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Proceedings Paper

Optimal choice of the experiment for precise thin film analysis
Author(s): Jiri Hrdina
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Paper Abstract

Optical measurements provide a useful tool for indirect measurements of various parameters (thicknesses, refractive indices) of thin films. Parameters are established by fitting the performance of the thin film model to the measured values. There are several methods used for this purpose, e.g. spectrophotometric and ellipsometric measurements in various arrangements. To get sufficiently precise values of the parameters we need sufficient amount of information. More information can be acquired by varying the experimental setup, e.g. wavelengths of the incident light or angles of incidence, we can perform measurements in immersion liquids, on various substrates or in series of specially prepared samples. Many such methods have been already reported in literature but the choice of the proper method for the specific problem is done rather intuitively until now. The common feature of all these methods is a need for numerical processing of the data. Fitting is done usually by the least squares method, minimizing a merit function. This approach enables also the statistical error analysis. The precision of the computed parameters is estimated from the measurement errors. What is important is that provided we know parameters of the system and accuracy of the measurement, we can compute the resulting precision of parameters in advance. In conclusion suppose we can reasonably estimate the thicknesses and refractive indices of the layers and measurement errors before the measurement, we can test various experimental setups for the best resulting precision of parameters with minimum effort. This idea has already ben formulated e.g. for the special case of ellipsometrical analysis in . In this paper I would like to document its usefulness and power in a more general context.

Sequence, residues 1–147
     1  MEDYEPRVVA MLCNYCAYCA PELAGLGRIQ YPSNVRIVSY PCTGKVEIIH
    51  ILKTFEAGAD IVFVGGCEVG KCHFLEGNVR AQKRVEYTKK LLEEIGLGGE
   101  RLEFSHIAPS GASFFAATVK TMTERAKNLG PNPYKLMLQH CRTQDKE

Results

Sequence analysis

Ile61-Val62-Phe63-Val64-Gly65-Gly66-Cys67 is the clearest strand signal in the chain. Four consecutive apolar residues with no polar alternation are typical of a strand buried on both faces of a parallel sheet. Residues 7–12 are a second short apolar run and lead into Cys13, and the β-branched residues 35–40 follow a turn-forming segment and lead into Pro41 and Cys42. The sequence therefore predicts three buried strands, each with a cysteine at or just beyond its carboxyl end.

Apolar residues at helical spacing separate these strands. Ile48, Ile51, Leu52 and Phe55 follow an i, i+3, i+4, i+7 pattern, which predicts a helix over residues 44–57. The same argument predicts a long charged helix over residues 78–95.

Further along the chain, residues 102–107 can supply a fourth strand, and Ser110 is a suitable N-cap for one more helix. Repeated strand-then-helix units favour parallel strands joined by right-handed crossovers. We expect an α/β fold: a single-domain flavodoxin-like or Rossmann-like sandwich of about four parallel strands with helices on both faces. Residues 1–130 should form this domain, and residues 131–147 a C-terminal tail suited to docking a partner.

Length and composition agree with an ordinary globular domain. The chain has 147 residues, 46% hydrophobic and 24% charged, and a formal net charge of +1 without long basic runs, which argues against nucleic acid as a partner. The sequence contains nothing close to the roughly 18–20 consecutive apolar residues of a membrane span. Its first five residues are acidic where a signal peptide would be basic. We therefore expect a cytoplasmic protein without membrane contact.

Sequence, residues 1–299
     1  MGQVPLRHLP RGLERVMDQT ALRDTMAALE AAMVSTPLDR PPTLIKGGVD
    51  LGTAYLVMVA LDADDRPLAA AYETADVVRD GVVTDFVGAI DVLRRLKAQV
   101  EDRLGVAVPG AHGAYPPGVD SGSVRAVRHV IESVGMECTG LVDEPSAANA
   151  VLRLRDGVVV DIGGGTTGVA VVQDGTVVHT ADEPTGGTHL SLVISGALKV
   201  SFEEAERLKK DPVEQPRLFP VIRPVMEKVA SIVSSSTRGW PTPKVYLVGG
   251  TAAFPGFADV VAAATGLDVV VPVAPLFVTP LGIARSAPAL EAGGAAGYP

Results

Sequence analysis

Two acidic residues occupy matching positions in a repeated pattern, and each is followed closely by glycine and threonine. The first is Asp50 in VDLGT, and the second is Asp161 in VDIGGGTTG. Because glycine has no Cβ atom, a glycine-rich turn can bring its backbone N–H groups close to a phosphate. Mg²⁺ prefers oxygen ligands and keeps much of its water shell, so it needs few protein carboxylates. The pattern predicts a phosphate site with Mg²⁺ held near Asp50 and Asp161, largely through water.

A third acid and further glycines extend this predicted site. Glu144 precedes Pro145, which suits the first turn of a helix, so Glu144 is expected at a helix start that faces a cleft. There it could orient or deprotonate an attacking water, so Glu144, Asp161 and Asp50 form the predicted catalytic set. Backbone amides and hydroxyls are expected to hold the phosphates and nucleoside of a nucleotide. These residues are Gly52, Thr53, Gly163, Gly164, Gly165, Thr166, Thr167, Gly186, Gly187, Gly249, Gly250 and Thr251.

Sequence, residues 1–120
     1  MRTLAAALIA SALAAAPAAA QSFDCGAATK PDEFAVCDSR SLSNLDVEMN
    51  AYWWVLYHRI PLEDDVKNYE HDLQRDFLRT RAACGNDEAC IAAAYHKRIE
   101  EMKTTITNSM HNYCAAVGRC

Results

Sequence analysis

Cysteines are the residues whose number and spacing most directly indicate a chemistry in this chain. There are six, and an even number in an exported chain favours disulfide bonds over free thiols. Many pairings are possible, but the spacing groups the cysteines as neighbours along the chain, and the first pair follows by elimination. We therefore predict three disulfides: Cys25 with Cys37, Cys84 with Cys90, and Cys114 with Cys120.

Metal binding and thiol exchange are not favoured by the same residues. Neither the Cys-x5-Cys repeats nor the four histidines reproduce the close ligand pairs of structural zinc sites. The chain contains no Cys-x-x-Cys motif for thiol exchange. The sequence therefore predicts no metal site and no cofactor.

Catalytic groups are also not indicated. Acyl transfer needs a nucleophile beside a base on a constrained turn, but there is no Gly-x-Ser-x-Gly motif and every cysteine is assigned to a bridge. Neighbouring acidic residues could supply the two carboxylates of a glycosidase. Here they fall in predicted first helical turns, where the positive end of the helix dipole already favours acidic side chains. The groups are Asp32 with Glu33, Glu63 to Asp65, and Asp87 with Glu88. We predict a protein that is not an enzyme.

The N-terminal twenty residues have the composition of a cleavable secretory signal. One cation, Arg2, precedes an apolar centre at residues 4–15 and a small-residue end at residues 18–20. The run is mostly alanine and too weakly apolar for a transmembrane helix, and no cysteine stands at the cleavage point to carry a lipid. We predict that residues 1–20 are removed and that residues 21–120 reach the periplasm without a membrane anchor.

Paper Details

Date Published: 4 November 1994
PDF: 11 pages
Proc. SPIE 2253, Optical Interference Coatings, (4 November 1994); doi: 10.1117/12.192052
Show Author Affiliations
Jiri Hrdina, Institute of Physics (United States)


Published in SPIE Proceedings Vol. 2253:
Optical Interference Coatings

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